Lack of High Speed Internet Access

When the pandemic hit in the spring of 2020, virtually all students were expected to go home, turn on their computers, and start  learning remotely. But the problem was that millions of students did not have a reliable way to get online.  Federal data shows that 14% of students between the ages of 6 and 17 live in homes without internet. And many of those who do have internet access don’t have broadband. Another study from the Pew Research Center showed that 37% of adults use their smartphones to access the internet because their homes do not have high-speed internet.

Image- Photo by Ilias Chebbi on Unsplash

This makes it hard for teachers, students, and parents to access education, whether it’s a live online class or an assignment on a digital platform, such as Listenwise.

Our team considered this technology gap and what we could do about it. We were already thinking deeply about the coronavirus by posting daily current events about the pandemic. We’ve curated dozens of podcasts about the dynamics of the pandemic, how to stem it, and how it’s affected the economy. 

But none of it matters if you don’t have internet access to log onto Listenwise and hear the story. 

Smartphone Lessons to Bridge A Digital Divide

That’s why we decided to launch the Listenwise News Bites podcast (available on Spotify and Apple podcasts). We take the most important news stories from the Current Events on our website and put them into a downloadable podcast. Students can download episodes when they have internet access, and they can listen anytime – even without internet.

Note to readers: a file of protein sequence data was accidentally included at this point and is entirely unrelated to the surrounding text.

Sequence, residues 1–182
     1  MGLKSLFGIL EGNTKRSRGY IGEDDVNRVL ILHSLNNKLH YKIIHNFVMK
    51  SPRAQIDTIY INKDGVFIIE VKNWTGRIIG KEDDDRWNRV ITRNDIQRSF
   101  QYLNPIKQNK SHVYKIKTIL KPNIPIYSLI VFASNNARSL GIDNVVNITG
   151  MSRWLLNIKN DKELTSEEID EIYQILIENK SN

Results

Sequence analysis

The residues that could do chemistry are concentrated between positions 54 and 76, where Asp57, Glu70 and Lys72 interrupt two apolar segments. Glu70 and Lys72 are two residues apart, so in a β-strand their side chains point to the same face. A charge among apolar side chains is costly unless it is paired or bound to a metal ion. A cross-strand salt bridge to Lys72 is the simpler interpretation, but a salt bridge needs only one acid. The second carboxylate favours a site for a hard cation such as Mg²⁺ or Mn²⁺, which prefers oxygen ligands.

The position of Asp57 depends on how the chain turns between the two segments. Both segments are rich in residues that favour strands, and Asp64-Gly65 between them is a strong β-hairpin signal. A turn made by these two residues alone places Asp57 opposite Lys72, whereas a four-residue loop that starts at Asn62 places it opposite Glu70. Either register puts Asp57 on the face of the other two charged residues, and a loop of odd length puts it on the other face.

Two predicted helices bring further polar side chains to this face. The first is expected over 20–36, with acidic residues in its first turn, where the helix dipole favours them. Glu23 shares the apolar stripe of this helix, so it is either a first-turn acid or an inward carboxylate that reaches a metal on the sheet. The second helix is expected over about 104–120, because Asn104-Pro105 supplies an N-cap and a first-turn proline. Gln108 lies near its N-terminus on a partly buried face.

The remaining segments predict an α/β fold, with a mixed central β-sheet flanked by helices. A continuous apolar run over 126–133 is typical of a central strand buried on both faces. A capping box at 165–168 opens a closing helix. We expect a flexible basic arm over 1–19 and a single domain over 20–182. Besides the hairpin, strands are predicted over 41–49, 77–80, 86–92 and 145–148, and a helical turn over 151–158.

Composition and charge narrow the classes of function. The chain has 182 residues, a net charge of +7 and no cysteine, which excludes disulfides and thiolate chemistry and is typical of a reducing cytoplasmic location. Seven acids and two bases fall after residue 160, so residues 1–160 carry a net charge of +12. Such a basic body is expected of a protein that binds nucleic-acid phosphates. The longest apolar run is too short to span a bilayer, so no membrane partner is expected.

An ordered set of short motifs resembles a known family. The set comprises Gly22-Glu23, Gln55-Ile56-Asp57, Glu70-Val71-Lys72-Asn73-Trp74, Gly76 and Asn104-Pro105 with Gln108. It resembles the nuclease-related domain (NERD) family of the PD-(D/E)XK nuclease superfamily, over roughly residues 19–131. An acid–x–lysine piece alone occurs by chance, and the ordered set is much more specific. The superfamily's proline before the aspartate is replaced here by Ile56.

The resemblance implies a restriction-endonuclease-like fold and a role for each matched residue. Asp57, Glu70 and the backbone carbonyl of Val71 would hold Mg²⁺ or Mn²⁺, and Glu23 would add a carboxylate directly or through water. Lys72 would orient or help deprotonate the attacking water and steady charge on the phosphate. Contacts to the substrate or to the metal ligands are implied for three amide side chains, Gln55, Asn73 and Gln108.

Listenwise News Bites Podcast

The Listenwise News Bites podcast provides easy smartphone lessons. We hope the podcast fulfills a need for high-quality remote learning lessons that students can listen to anytime, anywhere. The podcast provides more flexibility for learning in this challenging time.

For each episode, we select two news stories. One is a relevant news topic like the pandemic’s expansion in the United States, and the other is a lighter story, such as a debate about whether texts should include punctuation. After each story, we pose a question for student reflection and give listeners time to think about their answers. We are taking the same instructional approach we do on our website, with thought-provoking questions that inspire critical thinking – all in a smartphone lesson.

For students who do have internet access at home but might be feeling “zoomed out” because of so much screen time, they can use the podcast to switch it up. A podcast doesn’t require students to look at anything or complete anything online. It is a fully audio experience. 

We hope the podcast will inspire independent listening. We are selecting engaging, funny, and informative stories that will encourage your students to listen on their own.

Using these 15 minute podcasts is a great way for students to learn from anywhere. 

Podcast Lesson Instructional Ideas

Here are some easy instructional ideas to get you started:

  • Listening walk – Direct students to go on a walk outside, listen to the podcast by themselves, and respond in writing to one of the reflection questions.
  • Friday podcast discussion – Assign a podcast for homework or for asynchronous listening. The following day, as a “bell ringer” at the start of class, whether online or in person, ask students to share their thoughts on the news story they heard.
  • Family listening – Ask students to play a podcast episode out loud to members of their families. They can record a response to one of the reflection questions using a free audio recording app on their smartphone.
  • Current events journal – Ask students to listen to a News Bites episode and then find a text-based news story through a smartphone app about the same subject covered in the podcast. Ask them to note similarities and differences between the two stories in a current events journal, including facts addressed and journalistic approach taken. 

Share the podcast with your family and friends. While it’s designed for students, it can be enjoyed by all.